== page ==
Who will receive primary custody of your children after your divorce? This question and questions like it are far from academic. It is difficult to eat, sleep, or even think straight until you know where your children are going to reside.
Virginia does not automatically favor either the mother or father. It does, however, recognize several types of custody, including:
There are different types of physical custody: shared, sole, and split. The term “shared physical custody” is used when calculating child support. If a parent has visitation more than 90 days during a year. Shared physical custody can mean week on, week off, a few days with mom, then a few days with dad, or some other schedule which produces a situation where both parents have more than 90 days during the year. Sole physical custody is when the visiting parent has the child 90 days or less during the year. Split custody is when one parent has one child most of the time, and the other parent has the other child (or children) most of the time. Sole Custody is when one person has both legal and physical custody of the child, and the child has one primary residence. A person with legal custody has the right to make long-range plans, such as decisions about education, religious training, discipline, and non-emergency medical care. A person with physical custody lives with the child and has the right to make decisions regarding everyday care of the child.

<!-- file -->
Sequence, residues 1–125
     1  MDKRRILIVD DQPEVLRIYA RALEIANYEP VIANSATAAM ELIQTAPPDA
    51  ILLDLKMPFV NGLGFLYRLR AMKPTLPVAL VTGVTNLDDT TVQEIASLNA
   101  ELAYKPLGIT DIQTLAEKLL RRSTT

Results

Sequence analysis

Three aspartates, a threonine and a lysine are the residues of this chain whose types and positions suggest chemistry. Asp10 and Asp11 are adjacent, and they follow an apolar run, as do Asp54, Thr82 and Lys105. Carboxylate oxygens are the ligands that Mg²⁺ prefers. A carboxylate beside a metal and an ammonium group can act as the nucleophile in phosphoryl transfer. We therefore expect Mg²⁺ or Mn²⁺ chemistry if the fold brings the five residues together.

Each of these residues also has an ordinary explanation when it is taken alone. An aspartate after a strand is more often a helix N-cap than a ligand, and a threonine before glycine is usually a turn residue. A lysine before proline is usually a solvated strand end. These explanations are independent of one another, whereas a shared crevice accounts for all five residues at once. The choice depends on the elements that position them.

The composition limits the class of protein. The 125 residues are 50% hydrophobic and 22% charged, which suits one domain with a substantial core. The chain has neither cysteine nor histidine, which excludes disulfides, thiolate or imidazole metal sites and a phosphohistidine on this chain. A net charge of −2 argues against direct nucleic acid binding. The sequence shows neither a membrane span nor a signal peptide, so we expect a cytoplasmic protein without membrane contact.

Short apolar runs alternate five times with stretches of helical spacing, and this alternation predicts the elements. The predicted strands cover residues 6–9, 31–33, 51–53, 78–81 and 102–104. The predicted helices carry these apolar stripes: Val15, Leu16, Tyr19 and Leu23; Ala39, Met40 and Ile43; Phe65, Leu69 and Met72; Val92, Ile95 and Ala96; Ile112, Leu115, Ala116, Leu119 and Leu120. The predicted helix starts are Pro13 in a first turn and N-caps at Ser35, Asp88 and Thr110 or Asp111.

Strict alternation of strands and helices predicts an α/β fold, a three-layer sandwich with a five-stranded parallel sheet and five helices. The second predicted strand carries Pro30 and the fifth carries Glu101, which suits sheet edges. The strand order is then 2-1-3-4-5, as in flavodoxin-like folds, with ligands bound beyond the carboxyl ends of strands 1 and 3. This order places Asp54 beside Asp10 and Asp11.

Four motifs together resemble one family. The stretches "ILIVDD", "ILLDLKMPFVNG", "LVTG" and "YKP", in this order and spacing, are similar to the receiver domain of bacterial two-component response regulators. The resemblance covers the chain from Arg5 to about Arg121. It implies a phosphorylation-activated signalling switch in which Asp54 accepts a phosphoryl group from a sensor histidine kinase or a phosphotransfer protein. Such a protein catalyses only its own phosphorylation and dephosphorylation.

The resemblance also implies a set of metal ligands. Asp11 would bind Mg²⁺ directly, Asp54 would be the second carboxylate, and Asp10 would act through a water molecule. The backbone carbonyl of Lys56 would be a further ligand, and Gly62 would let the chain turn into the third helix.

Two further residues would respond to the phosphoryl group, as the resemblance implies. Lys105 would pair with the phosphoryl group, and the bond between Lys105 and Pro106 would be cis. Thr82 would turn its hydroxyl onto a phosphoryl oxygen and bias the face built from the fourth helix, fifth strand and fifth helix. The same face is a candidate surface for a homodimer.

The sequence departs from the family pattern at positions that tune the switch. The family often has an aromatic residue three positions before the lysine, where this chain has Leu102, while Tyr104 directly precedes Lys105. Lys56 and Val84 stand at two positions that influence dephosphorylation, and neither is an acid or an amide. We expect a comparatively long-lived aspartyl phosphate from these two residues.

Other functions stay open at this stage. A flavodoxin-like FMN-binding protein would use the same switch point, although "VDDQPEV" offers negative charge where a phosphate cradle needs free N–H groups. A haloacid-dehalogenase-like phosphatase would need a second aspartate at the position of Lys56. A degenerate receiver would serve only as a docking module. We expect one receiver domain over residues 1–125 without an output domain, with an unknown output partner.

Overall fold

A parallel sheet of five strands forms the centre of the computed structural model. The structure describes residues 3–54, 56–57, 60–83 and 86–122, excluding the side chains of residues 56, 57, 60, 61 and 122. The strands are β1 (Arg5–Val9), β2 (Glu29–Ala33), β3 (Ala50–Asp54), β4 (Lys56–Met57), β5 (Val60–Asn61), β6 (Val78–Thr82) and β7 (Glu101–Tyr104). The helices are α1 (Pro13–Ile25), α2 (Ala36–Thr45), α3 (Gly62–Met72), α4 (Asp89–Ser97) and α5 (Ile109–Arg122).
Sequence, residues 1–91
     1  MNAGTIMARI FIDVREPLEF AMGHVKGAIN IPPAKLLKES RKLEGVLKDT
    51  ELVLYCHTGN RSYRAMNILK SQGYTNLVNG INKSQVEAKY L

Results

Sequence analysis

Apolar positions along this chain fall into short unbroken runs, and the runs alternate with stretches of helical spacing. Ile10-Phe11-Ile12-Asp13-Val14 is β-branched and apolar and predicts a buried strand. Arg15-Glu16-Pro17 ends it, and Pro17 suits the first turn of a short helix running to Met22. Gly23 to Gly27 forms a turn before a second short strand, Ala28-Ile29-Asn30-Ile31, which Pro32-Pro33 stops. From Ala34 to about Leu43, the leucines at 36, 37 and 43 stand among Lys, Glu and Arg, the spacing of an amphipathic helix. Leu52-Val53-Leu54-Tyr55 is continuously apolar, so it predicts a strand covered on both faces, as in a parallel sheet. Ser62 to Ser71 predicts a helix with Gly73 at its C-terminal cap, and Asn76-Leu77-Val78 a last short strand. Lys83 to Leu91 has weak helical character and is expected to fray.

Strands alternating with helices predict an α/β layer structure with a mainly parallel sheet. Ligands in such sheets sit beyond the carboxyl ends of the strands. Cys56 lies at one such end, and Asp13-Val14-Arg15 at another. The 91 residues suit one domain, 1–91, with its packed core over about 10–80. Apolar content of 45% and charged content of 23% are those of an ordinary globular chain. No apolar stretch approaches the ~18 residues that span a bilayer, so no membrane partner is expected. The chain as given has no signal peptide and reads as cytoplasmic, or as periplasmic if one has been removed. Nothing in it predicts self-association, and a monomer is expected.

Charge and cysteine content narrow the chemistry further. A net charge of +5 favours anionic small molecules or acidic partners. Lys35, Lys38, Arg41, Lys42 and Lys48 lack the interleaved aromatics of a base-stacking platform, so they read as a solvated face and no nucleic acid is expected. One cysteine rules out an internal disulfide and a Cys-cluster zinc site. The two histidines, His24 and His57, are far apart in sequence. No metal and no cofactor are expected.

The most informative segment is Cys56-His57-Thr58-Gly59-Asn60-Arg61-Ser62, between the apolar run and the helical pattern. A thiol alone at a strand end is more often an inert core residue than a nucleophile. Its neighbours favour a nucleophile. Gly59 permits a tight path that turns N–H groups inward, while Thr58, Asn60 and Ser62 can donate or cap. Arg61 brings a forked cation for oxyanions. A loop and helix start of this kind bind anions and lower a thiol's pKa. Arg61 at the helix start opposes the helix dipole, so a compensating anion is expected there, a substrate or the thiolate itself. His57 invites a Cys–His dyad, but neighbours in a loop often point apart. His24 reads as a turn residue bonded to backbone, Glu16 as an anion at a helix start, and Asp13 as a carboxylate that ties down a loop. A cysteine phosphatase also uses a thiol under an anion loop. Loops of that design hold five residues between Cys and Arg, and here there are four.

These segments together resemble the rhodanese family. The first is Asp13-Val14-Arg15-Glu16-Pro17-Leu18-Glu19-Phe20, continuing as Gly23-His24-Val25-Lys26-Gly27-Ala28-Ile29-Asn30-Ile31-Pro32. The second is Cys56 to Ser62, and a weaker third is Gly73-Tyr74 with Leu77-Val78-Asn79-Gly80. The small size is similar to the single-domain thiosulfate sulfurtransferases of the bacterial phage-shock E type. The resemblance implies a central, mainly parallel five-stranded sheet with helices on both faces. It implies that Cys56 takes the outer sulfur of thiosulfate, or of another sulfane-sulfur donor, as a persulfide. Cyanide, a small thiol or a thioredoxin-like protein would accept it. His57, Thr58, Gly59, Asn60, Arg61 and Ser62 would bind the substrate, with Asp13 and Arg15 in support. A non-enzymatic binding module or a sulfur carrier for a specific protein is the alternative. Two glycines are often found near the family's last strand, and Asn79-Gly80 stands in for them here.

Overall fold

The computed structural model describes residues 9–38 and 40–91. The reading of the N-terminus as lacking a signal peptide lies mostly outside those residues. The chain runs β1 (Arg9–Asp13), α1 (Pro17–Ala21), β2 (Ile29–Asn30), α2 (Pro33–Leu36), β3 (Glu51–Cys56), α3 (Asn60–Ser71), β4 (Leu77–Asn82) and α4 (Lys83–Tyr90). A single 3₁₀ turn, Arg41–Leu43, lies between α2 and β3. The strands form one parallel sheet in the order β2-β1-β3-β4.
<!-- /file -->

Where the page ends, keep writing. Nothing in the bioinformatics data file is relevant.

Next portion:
There are different types of legal custody: sole legal custody and joint legal custody. In a situation where one parent has sole legal custody, that parent has the final say on decisions regarding the child, such as medical decisions, education, discipline, extra-curricular activities, etc. When the parents share joint legal custody, they have to discuss the aforementioned matters with one another and try to come to an agreement regarding how those issues will be handled in relation to the child.
The family law attorneys at Kurylo, Gold & Josey have a wealth of experience protecting the rights of parents and children in child custody cases. Call us at (540) 656-2210 for a strategic consultation.